Washin-stoned? Businessmen want to bring in 'cannabis tourism'

Washin-stoned? Businessmen want to bring in 'cannabis tourism' »Play Video
John Connelly, left, inhales marijuana vapor just after midnight Saturday, March 2, 2013, with the help of bar worker Jenae DeCampo, right, in the upstairs lounge area of Stonegate, a pizza-and-rum bar in Tacoma, Wash. (AP Photo/Ted S. Warren)
TACOMA, Wash. -- With recent changes in marijuana laws, travel guru Arthur Frommer predicts so-called "pot tours" will be a travel trend in 2013.

A Colorado man has already taken charge of that idea, and many wonder if Washington will be next.

Matt Brown of Denver created the first ever tour company in North America to focus solely on cannabis tours. It's called My 420 Tours.

"The last thing we want as a tour operator is to pick someone up at the airport, drop a gallon size bag of weed on their lap and say, 'go have fun in Colorado,'" Brown said.

Just like wine tours travel from winery to winery, Brown's group will sample Colorado's finest weed.

"We are going to take them through a licensed dispensary and grow operation. They'll have a hash making class. We are doing a class at a cooking school, teaching them how to cook with cannabis," Brown said.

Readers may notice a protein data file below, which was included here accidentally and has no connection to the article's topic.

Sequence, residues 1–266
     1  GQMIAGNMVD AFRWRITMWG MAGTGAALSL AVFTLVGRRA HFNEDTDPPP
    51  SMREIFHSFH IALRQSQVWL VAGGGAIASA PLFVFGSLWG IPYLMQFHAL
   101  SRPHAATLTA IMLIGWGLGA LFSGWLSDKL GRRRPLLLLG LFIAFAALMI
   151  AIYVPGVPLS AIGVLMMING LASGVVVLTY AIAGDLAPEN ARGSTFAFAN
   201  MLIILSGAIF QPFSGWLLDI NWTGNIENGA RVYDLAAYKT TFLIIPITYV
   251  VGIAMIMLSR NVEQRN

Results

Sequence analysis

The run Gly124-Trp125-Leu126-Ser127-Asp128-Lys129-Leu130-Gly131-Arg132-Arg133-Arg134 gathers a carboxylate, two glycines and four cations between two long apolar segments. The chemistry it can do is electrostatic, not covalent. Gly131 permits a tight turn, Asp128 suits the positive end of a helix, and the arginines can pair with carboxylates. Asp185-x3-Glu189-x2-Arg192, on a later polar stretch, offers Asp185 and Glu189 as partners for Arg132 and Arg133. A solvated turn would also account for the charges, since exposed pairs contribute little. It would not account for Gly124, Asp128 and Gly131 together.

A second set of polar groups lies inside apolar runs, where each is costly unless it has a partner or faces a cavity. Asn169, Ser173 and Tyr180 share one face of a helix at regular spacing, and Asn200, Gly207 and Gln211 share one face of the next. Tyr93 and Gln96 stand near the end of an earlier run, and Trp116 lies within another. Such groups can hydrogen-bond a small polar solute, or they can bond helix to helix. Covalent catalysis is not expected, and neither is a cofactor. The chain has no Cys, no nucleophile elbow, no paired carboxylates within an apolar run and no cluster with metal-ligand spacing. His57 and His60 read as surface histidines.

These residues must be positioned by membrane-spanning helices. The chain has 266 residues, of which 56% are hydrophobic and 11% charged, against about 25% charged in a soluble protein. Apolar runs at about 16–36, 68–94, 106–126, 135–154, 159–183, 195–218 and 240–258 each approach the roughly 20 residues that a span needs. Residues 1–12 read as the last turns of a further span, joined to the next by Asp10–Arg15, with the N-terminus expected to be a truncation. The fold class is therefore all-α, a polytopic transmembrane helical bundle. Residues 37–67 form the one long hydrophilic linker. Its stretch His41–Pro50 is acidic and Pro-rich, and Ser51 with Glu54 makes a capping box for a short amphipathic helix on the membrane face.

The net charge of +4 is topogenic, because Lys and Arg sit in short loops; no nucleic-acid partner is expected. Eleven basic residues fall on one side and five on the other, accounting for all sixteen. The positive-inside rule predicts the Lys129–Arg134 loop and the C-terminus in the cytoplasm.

It culminates in the Cannabis Cup, which is considered the Olympics of pot growing. It will be the first time the event has been held outside of Amsterdam.

Out-of-state tourists can come to Washington to sample the state's wine, but they cannot come in and buy Washington pot. That's not the case in Colorado, where the law allows visitors to legally buy small amounts of pot.

"They should allow out-of-state people to purchase small amounts of cannabis," said Michael Schaef of Tacoma's Stonegate Marijuana Vapor Bar.

Schaef and his partner Jeff Call run the state's first vapor bar, which is under fire by regulators for allowing cannabis users to smoke pot inside.

The men say they've gotten calls from all over the country to host a pot tour.

"I would love to bring them out, and I would love to have some of that out-of-state money coming here to Washington," Call said.

The duo would like to see Washington's law changed to allow for pot tourism.

"Let's try and do it the right way. Let's make it so people aren't breaking the law," Schaef said.

Right now, Colorado's proposed laws are less strict than Washington's, but the quality is what's appealing.

"We have the best cannabis in the world, hands down," Schaef said.